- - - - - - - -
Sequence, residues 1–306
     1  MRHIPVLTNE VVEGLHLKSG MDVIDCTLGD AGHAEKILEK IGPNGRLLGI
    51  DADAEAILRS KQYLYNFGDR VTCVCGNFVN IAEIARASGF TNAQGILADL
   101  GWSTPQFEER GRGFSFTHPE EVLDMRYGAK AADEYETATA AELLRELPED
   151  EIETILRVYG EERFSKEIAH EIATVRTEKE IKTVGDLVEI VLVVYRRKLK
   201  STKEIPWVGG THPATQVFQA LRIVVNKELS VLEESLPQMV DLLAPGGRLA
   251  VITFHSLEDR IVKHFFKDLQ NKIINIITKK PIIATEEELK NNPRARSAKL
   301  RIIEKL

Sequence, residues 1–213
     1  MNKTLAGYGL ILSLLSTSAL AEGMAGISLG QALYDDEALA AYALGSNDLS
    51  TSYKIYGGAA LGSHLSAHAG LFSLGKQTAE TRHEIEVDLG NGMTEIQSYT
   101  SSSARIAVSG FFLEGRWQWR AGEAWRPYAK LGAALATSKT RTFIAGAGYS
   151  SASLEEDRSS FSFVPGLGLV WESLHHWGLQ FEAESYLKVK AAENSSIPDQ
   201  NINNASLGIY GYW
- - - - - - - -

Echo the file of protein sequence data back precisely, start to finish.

Sequence, residues 1–306
     1  MRHIPVLTNE VVEGLHLKSG MDVIDCTLGD AGHAEKILEK IGPNGRLLGI
    51  DADAEAILRS KQYLYNFGDR VTCVCGNFVN IAEIARASGF TNAQGILADL
   101  GWSTPQFEER GRGFSFTHPE EVLDMRYGAK AADEYETATA AELLRELPED
   151  EIETILRVYG EERFSKEIAH EIATVRTEKE IKTVGDLVEI VLVVYRRKLK
   201  STKEIPWVGG THPATQVFQA LRIVVNKELS VLEESLPQMV DLLAPGGRLA
   251  VITFHSLEDR IVKHFFKDLQ NKIINIITKK PIIATEEELK NNPRARSAKL
   301  RIIEKL

Sequence, residues 1–213
     1  MNKTLAGYGL ILSLLSTSAL AEGMAGISLG QALYDDEALA AYALGSNDLS
    51  TSYKIYGGAA LGSHLSAHAG LFSLGKQTAE TRHEIEVDLG NGMTEIQSYT
   101  SSSARIAVSG FFLEGRWQWR AGEAWRPYAK LGAALATSKT RTFIAGAGYS
   151  SASLEEDRSS FSFVPGLGLV WESLHHWGLQ FEAESYLKVK AAENSSIPDQ
   201  NINNASLGIY GYW